City of Rome Removes Memorial of Late Teen Killed by Drunk Driver
Jasmine Finch was just 20 years old when she was taken by a victim of a drunk driving accident in Rome, New York. It happened at the intersection of Black River Boulevard and East Dominick Street on May 21, 2020. Since the accident happened, family and friends have been actively maintaining a small memorial of pictures and keepsakes on the sidewalk at the intersection. That was, until it was unknowingly taken down by the City of Rome.
Family and friends of Finch gathered for a small protest outside of Fort Stanwix on the evening of Monday, March 22nd, upset they weren't even notified in advance that their memorial was a problem.
According to the Rome Sentinel, workers with the city Department of Public Works took down the memorial and boxed up the pieces. Finch’s friend, Emily Dole, said the family was not notified in advance that the memorial was going to be taken down.
“Without our knowledge, the City of Rome unjustly ripped down the memorial and destroyed some of our belongings. We would have just liked a phone call or even a warning,” said Doyle to the Rome Sentinel.
“If this had to be moved, we would have moved it ourselves rather than destroying our stuff and our memorial for our girl. We just didn’t think it was right.”
She said she received a call the items were being held for pickup at the DPW garage for retrieval. But, no other prior notice was given.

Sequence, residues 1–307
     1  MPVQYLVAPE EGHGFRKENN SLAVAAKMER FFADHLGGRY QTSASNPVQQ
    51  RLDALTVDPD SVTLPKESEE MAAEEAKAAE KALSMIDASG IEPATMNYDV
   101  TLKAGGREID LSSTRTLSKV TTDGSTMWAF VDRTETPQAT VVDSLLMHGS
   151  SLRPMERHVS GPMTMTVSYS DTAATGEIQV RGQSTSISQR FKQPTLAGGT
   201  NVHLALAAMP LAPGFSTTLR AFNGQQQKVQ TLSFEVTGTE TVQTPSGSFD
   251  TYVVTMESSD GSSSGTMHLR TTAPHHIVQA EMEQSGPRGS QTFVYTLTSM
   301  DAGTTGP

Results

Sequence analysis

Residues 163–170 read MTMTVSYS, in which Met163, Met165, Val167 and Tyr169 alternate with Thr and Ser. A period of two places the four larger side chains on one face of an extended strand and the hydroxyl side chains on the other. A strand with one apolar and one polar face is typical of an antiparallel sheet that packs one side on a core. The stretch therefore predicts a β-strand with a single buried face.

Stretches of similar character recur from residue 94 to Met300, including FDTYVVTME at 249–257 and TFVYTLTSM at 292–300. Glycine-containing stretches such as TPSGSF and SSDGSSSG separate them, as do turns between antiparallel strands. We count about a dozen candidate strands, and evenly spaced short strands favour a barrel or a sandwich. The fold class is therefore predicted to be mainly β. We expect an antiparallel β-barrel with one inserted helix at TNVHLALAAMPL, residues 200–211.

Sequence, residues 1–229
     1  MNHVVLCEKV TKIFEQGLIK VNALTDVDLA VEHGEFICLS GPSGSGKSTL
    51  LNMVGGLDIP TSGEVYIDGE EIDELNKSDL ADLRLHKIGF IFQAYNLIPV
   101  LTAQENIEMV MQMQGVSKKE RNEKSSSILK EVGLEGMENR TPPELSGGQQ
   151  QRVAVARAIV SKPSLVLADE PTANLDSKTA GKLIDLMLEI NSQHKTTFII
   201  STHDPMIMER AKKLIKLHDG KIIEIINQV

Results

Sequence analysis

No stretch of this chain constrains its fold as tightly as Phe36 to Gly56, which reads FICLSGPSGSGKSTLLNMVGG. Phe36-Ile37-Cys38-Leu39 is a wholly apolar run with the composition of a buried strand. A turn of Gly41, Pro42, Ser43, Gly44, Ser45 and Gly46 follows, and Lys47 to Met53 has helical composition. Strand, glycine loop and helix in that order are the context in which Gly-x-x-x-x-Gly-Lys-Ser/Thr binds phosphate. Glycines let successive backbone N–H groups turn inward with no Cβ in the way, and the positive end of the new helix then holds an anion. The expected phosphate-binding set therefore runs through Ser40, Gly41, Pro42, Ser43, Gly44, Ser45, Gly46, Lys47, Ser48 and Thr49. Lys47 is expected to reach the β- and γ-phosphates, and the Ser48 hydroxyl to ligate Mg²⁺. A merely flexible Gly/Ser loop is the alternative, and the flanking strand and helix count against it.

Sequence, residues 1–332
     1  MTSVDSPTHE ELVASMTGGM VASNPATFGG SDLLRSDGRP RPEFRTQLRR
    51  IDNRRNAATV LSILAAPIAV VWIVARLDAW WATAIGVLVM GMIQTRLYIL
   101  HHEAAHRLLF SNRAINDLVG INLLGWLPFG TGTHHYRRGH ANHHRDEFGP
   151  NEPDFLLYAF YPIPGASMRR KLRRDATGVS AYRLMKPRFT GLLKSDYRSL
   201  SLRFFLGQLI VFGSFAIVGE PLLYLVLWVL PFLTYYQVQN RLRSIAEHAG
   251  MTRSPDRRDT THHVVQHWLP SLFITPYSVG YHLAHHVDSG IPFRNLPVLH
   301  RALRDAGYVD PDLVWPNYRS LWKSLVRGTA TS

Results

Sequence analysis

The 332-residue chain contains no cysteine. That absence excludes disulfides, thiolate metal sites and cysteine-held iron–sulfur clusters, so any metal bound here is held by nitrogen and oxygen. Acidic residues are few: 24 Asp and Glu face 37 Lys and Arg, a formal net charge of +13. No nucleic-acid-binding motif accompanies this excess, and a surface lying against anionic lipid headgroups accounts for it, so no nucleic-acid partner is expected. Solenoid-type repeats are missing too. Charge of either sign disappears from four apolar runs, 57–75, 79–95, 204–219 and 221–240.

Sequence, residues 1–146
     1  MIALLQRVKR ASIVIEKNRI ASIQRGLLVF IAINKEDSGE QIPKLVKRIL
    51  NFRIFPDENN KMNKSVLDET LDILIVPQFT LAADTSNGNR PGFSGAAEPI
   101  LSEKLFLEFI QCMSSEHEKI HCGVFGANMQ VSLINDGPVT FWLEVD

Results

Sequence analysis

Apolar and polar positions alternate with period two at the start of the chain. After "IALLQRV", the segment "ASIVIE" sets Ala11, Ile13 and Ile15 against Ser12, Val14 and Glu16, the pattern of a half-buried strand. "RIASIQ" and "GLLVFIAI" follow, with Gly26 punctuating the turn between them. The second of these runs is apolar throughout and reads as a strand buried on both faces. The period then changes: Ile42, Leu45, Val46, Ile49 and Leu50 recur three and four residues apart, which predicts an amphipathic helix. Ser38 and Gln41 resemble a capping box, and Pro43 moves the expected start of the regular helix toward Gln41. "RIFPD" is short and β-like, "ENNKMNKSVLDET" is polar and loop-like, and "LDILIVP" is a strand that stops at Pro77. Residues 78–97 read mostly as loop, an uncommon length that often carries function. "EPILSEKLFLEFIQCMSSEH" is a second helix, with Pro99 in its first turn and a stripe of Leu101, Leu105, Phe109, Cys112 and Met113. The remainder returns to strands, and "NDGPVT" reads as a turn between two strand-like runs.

Mayor Jacqueline M. Izzo said on Tuesday March 23rd, the city had reached out to Finch’s family several months ago about taking down the memorial and moving it to a more permanent location. She said the family was notified of the city’s bench memorial program in city parks. She also said the family asked if they could leave the memorial up until the driver was sentenced, and the city agreed.
Mayor Izzo said pieces of the memorial were moved by the state-owned sign in the area and that “that cannot happen.” So she said the decision was made to have DPW take down the memorial, since the sentencing occurred several weeks ago. “We’re certainly not adverse to a memorial in a more permanent place,” Izzo explained. As for the makeshift memorial, the mayor said, “Everything has been boxed and preserved,” and the family is welcome to pick up the items at the DPW garage.
Greish Ortega-Lebron, the driver, was sentenced on March 5 to four to twelve years in state prison for manslaughter and driving while intoxicated.
Should the city have done a better job to speak directly with the family prior the the removal of the memorial? Maybe the family would have gone to pick up and box up the items themselves? Or was this this right move? Let us know inside our station app.